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Materi Kuliah 3 ADJECTIVES- Englis 2011

Source British Counc. UK.


Compilled by. Pierre Gosal

ADJECTIVES
An adjective is a word that tells us more about a noun. (By "noun" we
include pronouns and noun phrases).
An adjective "qualifies" or
"modifies" a noun (a big dog). Adjectives can be used before a noun (I like
Chinese food) or after certain verbs (It is hard). We can often use two or
more adjectives together (a beautiful young French lady).
Determiners
Determiners are words like the, an, my, some. They are grammatically
similar. They all come at the beginning of noun phrases, and usually w\e
cannot use more than one determiner in the same noun phrase.
Articles:
a, an, the
Possessive Adjectives:
my, your, his, her, its, our, their, whose
Other determiners:
each, every
either, neither
some, any, no
much, many; more, most
little, less, least
few, fewer, fewest
what, whatever; which, whichever
both, half, all
several
enough
Adjective Order
There are 2 basic positions for adjectives:
1. before the noun
2. after certain verbs (be, become, get, seem, look, feel, sound, smell,
taste)

I like

adj.

noun

big

cars.

My car

verb

adj.

is

big.

Comparative Adjectives
When we talk about two things, we can "compare" them. We can see if
they are the same or different. Perhaps they are the same in some ways
and different in other ways. We can use comparative adjectives to
describe the differences.
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Materi Kuliah 3 ADJECTIVES- Englis 2011


Source British Counc. UK.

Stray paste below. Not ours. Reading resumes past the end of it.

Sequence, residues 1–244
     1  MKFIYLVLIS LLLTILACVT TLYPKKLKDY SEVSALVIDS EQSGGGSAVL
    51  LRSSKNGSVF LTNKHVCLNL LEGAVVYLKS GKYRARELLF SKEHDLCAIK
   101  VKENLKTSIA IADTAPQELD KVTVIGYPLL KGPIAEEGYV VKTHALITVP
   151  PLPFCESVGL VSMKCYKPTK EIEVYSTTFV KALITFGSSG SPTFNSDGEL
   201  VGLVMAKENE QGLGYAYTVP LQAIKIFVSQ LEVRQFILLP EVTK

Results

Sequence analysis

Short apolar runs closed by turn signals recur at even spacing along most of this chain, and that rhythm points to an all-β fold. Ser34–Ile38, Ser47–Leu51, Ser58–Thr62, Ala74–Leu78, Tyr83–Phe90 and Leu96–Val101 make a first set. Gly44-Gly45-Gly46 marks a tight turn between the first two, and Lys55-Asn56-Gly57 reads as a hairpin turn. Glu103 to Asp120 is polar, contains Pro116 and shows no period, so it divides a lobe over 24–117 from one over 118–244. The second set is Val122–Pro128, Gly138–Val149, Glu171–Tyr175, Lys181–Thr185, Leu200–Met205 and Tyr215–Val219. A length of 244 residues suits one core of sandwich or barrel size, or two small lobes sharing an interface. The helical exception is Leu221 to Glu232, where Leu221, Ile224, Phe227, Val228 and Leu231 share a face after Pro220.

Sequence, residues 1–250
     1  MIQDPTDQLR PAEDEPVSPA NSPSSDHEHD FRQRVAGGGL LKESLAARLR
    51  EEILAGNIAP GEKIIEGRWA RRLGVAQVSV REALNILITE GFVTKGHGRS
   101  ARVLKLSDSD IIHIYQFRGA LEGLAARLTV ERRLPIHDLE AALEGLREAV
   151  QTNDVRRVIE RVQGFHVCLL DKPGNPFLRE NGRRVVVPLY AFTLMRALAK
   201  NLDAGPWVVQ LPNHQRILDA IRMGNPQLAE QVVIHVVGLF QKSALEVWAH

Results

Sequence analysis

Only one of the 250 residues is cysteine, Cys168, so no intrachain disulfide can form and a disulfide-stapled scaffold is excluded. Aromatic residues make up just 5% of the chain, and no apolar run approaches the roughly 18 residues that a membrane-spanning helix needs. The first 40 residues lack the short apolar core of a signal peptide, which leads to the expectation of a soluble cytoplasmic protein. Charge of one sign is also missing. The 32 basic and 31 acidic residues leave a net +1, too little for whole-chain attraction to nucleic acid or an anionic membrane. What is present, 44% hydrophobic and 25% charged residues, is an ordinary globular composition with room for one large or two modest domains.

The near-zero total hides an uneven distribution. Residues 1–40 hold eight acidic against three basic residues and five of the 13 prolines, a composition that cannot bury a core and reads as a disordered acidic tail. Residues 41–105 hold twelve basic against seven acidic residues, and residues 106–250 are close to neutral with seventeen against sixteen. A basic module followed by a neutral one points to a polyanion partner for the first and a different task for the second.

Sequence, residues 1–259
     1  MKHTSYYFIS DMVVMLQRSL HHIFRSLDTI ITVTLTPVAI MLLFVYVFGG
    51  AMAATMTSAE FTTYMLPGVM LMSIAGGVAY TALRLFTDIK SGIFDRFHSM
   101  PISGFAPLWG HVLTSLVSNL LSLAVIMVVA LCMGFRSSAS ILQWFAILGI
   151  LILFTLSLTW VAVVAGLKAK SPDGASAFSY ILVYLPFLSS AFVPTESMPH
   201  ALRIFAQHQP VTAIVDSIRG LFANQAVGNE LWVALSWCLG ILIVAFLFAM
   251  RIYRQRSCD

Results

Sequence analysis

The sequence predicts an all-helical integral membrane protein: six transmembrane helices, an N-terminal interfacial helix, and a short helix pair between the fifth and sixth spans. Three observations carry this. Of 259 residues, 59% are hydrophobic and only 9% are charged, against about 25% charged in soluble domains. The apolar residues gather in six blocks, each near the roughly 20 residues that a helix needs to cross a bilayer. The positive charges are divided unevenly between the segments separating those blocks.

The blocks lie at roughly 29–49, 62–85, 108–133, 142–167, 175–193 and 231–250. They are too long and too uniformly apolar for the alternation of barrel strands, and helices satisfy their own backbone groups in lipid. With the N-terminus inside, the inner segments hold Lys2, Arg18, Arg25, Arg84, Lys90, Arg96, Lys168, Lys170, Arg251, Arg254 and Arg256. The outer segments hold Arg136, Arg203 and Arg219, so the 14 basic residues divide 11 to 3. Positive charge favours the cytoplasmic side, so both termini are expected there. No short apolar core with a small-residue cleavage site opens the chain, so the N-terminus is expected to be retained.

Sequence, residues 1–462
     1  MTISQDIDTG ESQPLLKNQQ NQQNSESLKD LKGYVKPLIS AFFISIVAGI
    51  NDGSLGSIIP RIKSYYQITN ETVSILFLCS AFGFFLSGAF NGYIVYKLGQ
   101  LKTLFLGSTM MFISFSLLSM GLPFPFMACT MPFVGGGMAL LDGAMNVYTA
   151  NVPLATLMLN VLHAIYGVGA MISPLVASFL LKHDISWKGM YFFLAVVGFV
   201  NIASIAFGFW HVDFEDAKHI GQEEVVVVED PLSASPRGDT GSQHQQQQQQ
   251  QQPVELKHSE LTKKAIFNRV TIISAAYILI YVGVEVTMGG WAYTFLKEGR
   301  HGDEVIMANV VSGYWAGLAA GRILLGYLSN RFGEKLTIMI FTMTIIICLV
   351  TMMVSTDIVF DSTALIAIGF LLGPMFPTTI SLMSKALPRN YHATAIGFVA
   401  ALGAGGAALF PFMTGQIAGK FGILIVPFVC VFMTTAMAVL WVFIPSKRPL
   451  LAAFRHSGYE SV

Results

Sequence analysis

Compilled by. Pierre Gosal

Superlative Adjectives
A superlative adjective expresses the extreme or highest degree of a
quality. We use a superlative adjective to describe the extreme quality of
one thing in a group of things.
In the example below, "biggest" is the superlative form of the adjective
"big":
ABC
A is the biggest.
Gradable and Non-gradable Adjectives
Adjectives describe qualities (characteristics) of nouns.

Some qualities can vary in intensity or grade (for example: rather


hot, hot, very hot; hot, hotter, the hottest).
The adjective hot is gradable.
Other qualities cannot vary in intensity or grade because they are:
a. extremes (for example: freezing)
b. absolutes (for example: dead)
c. classifying (for example: nuclear)

The adjectives freezing, dead and nuclear are non-gradable.


Gradable Adjectives
A gradable adjective can be used with "grading adverbs" that vary the
adjective's grade or intensity. Look at these examples:
grading adverbs
a little, dreadfully, extremely,
fairly, hugely, immensely,
intensely, rather, reasonably,
slightly, unusually, very

gradable adjectives
angry, big, busy, clever, cold, deep,
+ fast, friendly, good, happy, high, hot,
important, long, popular, rich,
strong, tall, warm, weak, young

A gradable adjective can also have comparative and superlative forms:


EC Tip: "Gradable adjectives" are also called "qualitative adjectives".
"Grading adverbs" are also called "submodifiers".
big, bigger, the biggest
hot, hotter, the hottest
important, more important, the most important
Look at these example sentences:

My teacher was very happy with my homework.


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Materi Kuliah 3 ADJECTIVES- Englis 2011


Source British Counc. UK.
Compilled by. Pierre Gosal

That website is reasonably popular. But this one is more popular.


He said that Holland was a little cold and Denmark was rather cold.
But Sweden was the coldest.
EC Tip: The adjective dead is non-gradable because it is an absolute. Dead
is dead. We cannot be more or less dead. One person cannot be "deader"
than another. Other absolutes include: correct, unique, perfect

Non-gradable Adjectives
A non-gradable adjective cannot be used with grading adverbs:

It was rather freezing outside.


The dog was very dead.
He is investing in slightly nuclear energy.

Non-gradable adjectives do not normally have comparative and


superlative forms:

freezing, more freezing, the most freezing


dead, deader, the deadest
nuclear, more nuclear, the most nuclear

Often, non-gradable adjectives are used alone:

EC Tip:
Don't try to learn lists of gradable and non-gradable adjectives! It's better